Verbal Violence Porn

A commenter Ymar Sakar, who shows up on conservative sites from time-to-time (he has his own as well) used the phrase "verbal violence porn" to describe the disquieting, threatening statements one finds on conservative sites.  He used the term disparagingly, almost challengingly, declaring that it is not going to be this kind of woofing that wins culture wars.  He certainly didn't seem to be advocating they take it to a new level, but neither is he violence-averse.  He writes some about martial arts and the history of warfare.

Without trying to mindread what he is trying to accomplish, it is worth noting that he has described the phenomenon vividly, and I think accurately.  You can find people in comments sections everywhere who mutter darkly about revolution and what people won't put up with much longer.  I can add that my mental-health crisis data over 35 years is similar: threats of violence with political overtones comes from the right more often.  Much more.

And yet the violence does not seem to follow. In both the national experience and my mental-health observation, the actual violence comes more from those who vote with the Democrats.  The whole broad picture deserves some attention.  It is true that the most violent districts across the nation, especially black and hispanic areas, are enormously Democratic.  Additional violence with a political or social spin - union, anti-globalist, campaign-office bombing, or church-targeting - also tends strongly to come off the left side of the debate.  Note also that in any group the number of people who actually move to violence is small, so even in these violent, bright-blue districts, the great majority of people are not violent criminals.

And yet.  The rhetoric from the dark corners of the right is much more violent.  I don't think it's close.  It comes in different flavors, some racist, some nominally libertarian, some paranoid, but it's not subtle.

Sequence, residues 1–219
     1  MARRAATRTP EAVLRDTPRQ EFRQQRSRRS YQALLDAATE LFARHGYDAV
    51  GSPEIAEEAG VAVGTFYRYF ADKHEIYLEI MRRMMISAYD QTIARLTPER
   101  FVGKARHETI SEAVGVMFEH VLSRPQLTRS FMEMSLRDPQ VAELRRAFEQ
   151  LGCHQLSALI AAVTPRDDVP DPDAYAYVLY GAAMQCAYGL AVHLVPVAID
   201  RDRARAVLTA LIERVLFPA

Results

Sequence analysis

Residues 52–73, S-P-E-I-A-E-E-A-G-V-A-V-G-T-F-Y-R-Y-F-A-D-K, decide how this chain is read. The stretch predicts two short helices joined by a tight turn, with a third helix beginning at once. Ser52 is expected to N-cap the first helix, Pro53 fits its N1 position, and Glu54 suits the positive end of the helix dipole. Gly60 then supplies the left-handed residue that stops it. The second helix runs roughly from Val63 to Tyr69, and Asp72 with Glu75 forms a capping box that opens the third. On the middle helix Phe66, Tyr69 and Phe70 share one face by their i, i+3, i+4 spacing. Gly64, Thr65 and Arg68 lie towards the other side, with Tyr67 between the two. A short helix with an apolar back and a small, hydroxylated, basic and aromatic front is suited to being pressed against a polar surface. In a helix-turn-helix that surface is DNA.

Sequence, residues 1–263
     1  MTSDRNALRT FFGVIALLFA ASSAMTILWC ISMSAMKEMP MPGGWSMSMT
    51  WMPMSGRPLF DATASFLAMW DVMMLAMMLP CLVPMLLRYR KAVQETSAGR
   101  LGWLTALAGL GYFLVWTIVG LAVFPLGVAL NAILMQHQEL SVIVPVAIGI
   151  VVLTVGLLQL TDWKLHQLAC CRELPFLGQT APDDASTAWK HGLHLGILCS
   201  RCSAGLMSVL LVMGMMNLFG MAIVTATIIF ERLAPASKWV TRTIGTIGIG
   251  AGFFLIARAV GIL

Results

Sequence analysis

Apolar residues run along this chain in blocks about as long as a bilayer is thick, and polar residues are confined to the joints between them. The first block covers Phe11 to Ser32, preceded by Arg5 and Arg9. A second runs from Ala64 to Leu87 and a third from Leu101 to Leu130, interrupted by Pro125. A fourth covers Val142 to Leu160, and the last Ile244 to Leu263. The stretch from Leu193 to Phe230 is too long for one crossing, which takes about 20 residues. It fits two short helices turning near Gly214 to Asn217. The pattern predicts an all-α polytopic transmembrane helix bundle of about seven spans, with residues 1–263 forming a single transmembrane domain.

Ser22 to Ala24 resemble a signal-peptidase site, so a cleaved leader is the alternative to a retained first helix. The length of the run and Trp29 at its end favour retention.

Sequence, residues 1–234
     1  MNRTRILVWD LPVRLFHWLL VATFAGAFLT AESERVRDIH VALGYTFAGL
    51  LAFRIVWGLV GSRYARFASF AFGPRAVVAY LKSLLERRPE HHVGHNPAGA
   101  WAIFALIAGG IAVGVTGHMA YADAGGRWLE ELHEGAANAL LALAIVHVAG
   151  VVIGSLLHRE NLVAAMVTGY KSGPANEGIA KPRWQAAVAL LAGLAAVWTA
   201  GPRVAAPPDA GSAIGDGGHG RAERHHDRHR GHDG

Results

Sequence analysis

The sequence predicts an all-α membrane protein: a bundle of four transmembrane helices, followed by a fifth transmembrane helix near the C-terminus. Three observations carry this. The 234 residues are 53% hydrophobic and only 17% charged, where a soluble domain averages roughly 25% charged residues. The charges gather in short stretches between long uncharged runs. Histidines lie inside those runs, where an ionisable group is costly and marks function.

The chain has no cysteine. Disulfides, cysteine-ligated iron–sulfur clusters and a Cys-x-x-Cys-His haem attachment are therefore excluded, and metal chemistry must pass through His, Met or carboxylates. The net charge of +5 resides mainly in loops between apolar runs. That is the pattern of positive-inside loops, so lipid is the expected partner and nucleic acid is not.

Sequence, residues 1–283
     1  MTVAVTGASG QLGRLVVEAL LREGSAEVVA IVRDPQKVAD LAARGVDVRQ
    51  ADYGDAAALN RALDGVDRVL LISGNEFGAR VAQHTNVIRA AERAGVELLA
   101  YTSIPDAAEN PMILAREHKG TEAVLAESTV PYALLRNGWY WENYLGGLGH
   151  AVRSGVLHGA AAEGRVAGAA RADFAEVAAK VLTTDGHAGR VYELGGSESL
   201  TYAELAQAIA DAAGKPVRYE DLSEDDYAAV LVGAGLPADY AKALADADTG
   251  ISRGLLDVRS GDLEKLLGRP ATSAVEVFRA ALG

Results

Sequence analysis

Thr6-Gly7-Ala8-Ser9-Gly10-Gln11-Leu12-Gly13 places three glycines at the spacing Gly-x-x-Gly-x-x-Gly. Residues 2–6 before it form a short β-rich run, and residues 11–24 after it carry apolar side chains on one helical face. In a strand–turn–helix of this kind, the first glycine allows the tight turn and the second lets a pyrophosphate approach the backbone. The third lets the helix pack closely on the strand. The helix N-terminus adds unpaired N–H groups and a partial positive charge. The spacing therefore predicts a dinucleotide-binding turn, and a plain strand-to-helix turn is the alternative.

What gives?  Do the violent people on the left just not advertise it that much, leaving the comments sections to the extremely nonviolent white urban liberals?  Or is the verbal violence porn from the right a sort of woofing - barking to warn off threats, with actual aggressive violence requiring a much higher threshold?  Bullying might be a fair question to explore, but I don't think cowardice is.  A lot of these guys - they do seem to be almost entirely male - have military and even combat experience, so I don't think they are Caspar Milquetoast types showing off.

Tuesday, May 14, 2013


As per the previous post, I have been giving the matter some thought over the past few months. At Steve Sailer's, hbd chick's, West Hunter, Jayman's and other sites I spend time at, the information about the relationship between IQ and life outcomes is well-known.  It is a major factor in predicting college success, for example, but still less than half the picture. Self-discipline, perseverance, and conscientiousness also weigh heavily.  This holds true going forward as well, in some human endeavors more than others. Raw intelligence seems to always help some, and sometimes helps a lot.

By the way, I do not encounter much objection to IQ as a factor because of the racial implications, as is more commonly reported in the press.  Most people I know are not even aware of that controversy.  Their objections are more along the lines of defensively dismissing IQ as a major factor at all.  If one even brings up the topic, folks seem so sure you are going to overvalue it and arrogantly think it is the only factor that they go out of their way to disparage it with anecdotes, or generalisations about smart people not having common sense, and the like.  The psychologists and psychiatrists at my hospital, who have some real working knowledge of IQ, seldom fall into this.  But psych nurses, rehab specialists, OT's, and psych techs get quite declarative in their repeating of something-or-other they read once; and social workers of course bubble over with resentment. (Yeah, go figure.)

What of the other factors in success, also studied and often reported in the popular press.  We all intuitively know that attractiveness is an advantage in a lot of situations, at least in terms of getting your foot in the door. (Some extremes or perhaps types of attractiveness can start to work against one, however. Perhaps credibility is lost.)  It's hard to quantify, so it gets tougher to measure.  Using American college students as one's test subjects - the new acronym WEIRD (Western, Educated, Industrialised, Rich, Democratic) - can lead one astray, as they tend to be an attractive group overall, and it's hard to know what's being measured.